Solution (NOT AVAILABLE YET):

3. Astr204 Physics of Astrophysics I – G.Laughlin

In this question, we develop a scaling law for incompressible turbulence.

In the absence of viscosity (or any other form of dissipation) Newton’s law for a fluid takes the form:

\frac{\partial {\bf u}}{\partial t} +{\bf u}\cdot \nabla {\bf u} = -\nabla \Phi - \frac{1}{\rho}\nabla P

a) If the fluid velocities are very small in comparison to the speed of sound (but nevertheless nonzero) what important approximation can we make to the continuity equation? Write down an expression for this simplified form.

b) With the simplification from part a) in hand, show that Newton’s law (the momentum equation shown above) takes the form:

\frac{\partial \omega}{\partial t}+\nabla \times (\omega \times {\bf u})=0

where \omega=\nabla\times{\bf u}

c) nviscid (or nearly inviscid) flows are generally turbulent. Imagine that the flow described by the equation in part b) is typified by a velocity scale, U, and then succumbs to instability at its largest length scale, L. To order-of-magnitude approximation, what is the rate,\epsilon , at which energy is fed into the largest body?

d) The so-called turbulent cascade occurs because turbulent energy cannot remain only at the largest scale L if steady-state is maintained. If energy is deposited into a smaller eddy scale, \lambda , what is the typical velocity of an eddy at this scale?

e) In the absence of viscosity, energy would be continually dumped into ever-smaller eddys. Any realistic fluid, however, will have a finite Reynold’s number,

Re=\frac{UL}{\nu}

In terms of physical quantities, what is \nu ?

f) If the turbulence is fully subsonic, what can we say about the smallest eddy size, \lambda_{0} , in comparison to the particle mean free path l ?

g) Show, drawing on arguments developed above, that \lambda_{0} \sim Re^{-3/4}L

Solution(incomplete):

a) When the fluid velocities are smaller than the speed of the sound in the medium, you can assume:

\nabla\times{\bf u}=0

b)

c)

d) v(L)^{2}\frac{v(L)}{L} \sim \mbox{the rate of Energy flow, thus:}

v(L)^{2}\frac{v(L)}{L} \sim \frac{v(\lambda)^{3}}{\lambda}

so v(\lambda)=[v(L)^{3}\frac{\lambda}{L}]^{1/3}

e)  \nu=\mbox{kinematic viscosity}=\mu/\rho [m^{2}/s] where \mu is the dynamical viscosity.

In terms of microphysical quantities, the kinematic viscosity is the thermal velocity times the mean free path: \nu=v_{thermal}l_{mfp}

f) The eddy size is independent from velocity.

g)

2. A220A: Stellar Structure and Evolution – J.Fortney

Let’s think about three stars: 10M\odot,1M\odot,0.1M\odot . Please make one plot for each: For each star, plot X, the hydrogen fraction vs. mass shell. First do this at the zero-age main sequence, and then for each of our three stars, overplot how X vs. mass shell evolves with time until the center becomes pure helium. Describe how differences in the hydrogen fusion pathway and the interior temperature structure contribute to differences between the three stars.

Solution(incomplete):

I have run models of 10M\odot,1M\odot,0.1M\odot stars with the solar composition (Y=0.2485 & Z=0.0122) till the hydrogen at the center gets below 1%(end of main sequence) using the MESA stellar evolutionary code:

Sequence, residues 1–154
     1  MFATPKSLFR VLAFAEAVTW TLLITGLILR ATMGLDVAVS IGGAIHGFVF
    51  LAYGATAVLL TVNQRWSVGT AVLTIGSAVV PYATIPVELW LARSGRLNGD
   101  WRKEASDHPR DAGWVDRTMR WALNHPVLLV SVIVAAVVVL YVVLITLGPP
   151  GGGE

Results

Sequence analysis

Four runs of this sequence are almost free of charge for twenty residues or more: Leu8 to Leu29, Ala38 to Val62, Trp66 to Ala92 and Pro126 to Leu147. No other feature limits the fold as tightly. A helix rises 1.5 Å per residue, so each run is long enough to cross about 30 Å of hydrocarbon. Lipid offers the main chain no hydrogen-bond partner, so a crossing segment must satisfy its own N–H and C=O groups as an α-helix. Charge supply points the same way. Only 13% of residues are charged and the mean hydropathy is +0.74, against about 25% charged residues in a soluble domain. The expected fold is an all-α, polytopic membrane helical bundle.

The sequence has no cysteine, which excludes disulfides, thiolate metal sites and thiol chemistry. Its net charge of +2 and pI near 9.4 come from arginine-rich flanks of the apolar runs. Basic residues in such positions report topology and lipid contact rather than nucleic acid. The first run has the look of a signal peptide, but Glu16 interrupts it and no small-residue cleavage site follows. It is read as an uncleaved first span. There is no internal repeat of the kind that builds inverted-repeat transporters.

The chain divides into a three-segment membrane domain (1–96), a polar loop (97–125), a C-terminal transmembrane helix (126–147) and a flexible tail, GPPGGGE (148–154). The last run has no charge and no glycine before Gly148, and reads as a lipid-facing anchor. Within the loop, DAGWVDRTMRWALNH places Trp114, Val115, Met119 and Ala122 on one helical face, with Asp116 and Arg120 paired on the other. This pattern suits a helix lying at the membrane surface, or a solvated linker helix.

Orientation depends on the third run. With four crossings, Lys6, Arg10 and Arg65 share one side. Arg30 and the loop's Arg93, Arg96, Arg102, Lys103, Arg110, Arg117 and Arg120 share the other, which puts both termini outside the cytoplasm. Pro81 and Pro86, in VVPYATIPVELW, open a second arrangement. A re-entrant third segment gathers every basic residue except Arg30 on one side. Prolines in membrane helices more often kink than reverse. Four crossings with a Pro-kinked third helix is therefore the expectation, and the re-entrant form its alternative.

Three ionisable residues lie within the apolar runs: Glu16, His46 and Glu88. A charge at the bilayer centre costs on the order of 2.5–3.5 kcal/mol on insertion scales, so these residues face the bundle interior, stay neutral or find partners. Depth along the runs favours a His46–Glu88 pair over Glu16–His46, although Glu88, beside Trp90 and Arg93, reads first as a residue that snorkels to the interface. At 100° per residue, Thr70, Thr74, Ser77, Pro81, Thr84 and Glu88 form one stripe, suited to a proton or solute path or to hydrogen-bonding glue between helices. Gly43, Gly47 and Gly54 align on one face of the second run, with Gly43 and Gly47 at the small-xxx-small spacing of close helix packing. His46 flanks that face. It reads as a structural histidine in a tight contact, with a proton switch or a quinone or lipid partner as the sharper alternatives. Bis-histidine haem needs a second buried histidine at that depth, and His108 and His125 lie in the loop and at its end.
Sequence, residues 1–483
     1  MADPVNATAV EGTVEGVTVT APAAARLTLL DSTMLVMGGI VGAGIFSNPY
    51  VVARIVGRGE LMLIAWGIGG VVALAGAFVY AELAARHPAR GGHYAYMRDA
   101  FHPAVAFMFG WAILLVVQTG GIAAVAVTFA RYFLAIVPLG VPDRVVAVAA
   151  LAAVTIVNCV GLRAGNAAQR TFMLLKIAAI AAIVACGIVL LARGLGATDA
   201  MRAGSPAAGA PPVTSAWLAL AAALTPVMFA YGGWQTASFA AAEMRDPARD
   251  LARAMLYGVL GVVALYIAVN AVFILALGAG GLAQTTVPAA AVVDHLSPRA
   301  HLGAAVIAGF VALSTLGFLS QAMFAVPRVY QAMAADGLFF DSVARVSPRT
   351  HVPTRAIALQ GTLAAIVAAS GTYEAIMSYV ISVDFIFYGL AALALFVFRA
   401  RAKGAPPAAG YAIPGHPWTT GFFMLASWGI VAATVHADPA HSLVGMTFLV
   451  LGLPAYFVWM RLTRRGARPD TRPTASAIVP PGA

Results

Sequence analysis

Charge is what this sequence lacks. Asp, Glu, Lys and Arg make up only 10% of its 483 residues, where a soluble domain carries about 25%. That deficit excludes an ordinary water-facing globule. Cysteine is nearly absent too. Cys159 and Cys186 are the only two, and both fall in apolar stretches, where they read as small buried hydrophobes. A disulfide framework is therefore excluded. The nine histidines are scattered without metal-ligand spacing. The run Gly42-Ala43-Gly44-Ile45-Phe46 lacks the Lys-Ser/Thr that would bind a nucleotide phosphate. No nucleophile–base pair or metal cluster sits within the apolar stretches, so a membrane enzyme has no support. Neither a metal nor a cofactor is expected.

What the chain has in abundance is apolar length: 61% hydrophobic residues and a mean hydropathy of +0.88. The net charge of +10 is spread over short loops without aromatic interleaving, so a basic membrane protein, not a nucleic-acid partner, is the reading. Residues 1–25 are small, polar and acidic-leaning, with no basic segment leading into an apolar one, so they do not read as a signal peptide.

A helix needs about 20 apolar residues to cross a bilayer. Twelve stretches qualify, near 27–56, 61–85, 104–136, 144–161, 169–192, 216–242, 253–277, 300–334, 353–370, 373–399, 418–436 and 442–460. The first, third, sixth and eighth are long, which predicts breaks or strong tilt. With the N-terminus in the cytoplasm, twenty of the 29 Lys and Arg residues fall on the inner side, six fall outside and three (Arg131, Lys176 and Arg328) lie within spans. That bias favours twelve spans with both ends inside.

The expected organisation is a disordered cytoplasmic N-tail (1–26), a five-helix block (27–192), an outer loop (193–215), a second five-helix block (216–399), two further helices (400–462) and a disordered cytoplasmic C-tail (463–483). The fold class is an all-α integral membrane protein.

Hydrogen fractions on the mass coordinates for the 10(top),1(middle) and 0.1(bottom) times the solar Mass models during the main sequence evolution. Computed by the MESA Stellar Evolutionary Code.

Since I assumed the solar composition, the starting Hydrogen fractions are around ~0.7 for all 3 models and the dashed lines represent the evolution of hydrogen fractions till the end of the main sequence.

Massive stars around like our 10M\odot get their energy through the CNO cycle, which has a very steep temperature dependense (\epsilon\propto T^{17} ), while 1M\odot and 0.1M\odot stars get their energy through the ppI chain with a lot ‘milder’ temperature dependency.

Note on 0.1M\odot model: stellar objects at this low mass are fully convective.  Therefore when the hydrogen is burned into helium in the core, it gets mixed with the rest of the stellar material through convection, so the hydrogen fractions should be roughly flat all the time. But on the plot above generated form the stellar evolutionary model MESA you see the hydrogen goes to zero at the center and 10% near the surface. This is an unrealistic ‘consequence’ of the model due to the diffusive mixing. So just be aware that’s just the defect of the unrealistic mixing model in the stellar codes.

1. A220A: Stellar Structure and Evolution – J.Fortney

Given an equilibrium configuration (spherical) of mass M and radius R , assume that the density distribution is given by \rho(r)=\rho_{c}(1-r^{2}/R^{2}) , where \rho_{c} is the central density. Compute the central pressure and temperature, in terms of M and R , but not in terms of \rho_{c} . Assume an ideal gas and a surface pressure of zero.

Solution:

Mass continuity: dm=4\pi r^{2}\rho(r)dr

m(r)=4\pi\int r^{2}\rho(r)dr=4\pi\rho_{c}\int(r^{2}-r^{4}/R^{2})dr=4\pi\rho_{c}(\frac{r^{3}}{3}-\frac{r^{5}}{5R^{2}} )=\pi\rho_{c} r^{3}(4/3-\frac{r^{2}}{5R^{2}})

(the integration constant is ignored)

Then the total mas of the star would be: M(R) =\pi\rho_{c} R^{3}(4/3-1/5)=17\pi\rho_{c} R^{3}/15 and using this you can express the central density in terms of Mass and Radius:

\rho_{c}=\frac{15M}{17\pi R^{3}} (*)

Hydrostatic equilibrium: \frac{\partial P}{\partial r}=-g\rho => dP=-G\frac{m(r)}{r^{2}}\rho(r)dr=-G\pi\rho_{c}^{2}r(4/3-\frac{r^{2}}{5R^{2}})(\frac{R^{2}-r^{2}}{R^{2}})

P(r)=\int dP=-\frac{\pi G \rho_{c}^{2}}{15r^{4}}[20R^{4}r^{2}/2-23R^{4}r^{3}/4+3r^{6}/6]+P_{0}

Here you use the boundary condition for the pressure (at the surface P(r=R)=0 ):

P_{0}=\frac{\pi G\rho_{c}^{2}}{15R^{4}}[10R^{6}-\frac{23R^{6}}{4}+\frac{R^6}{2}]=\frac{19\pi GR^{2}\rho_{c}^{2}}{60}

Substituting the central density by (*):

P_{0}=\frac{19\pi GR^{2}}{60}\rho_{c}^{2}=\frac{19\times 15GM^{2}}{4\times 17^{2}\pi R^{4}}

To find the temperature you use the ideal gas approximation (you basically ignore the photon pressure):

P V = n k T  <=>   T=\frac{PV}{nk}=\frac{P m_{H}\mu}{\rho(r) k}

where m_{H} is the mass of the Hydrogen and \mu is the mean molecular weight.

So the central Temperature would be:

T_{c}=\frac{P_{c}}{\rho_{c}}\frac{m_{H}\mu}{k}=\frac{19m_{H}\mu GM}{68kR}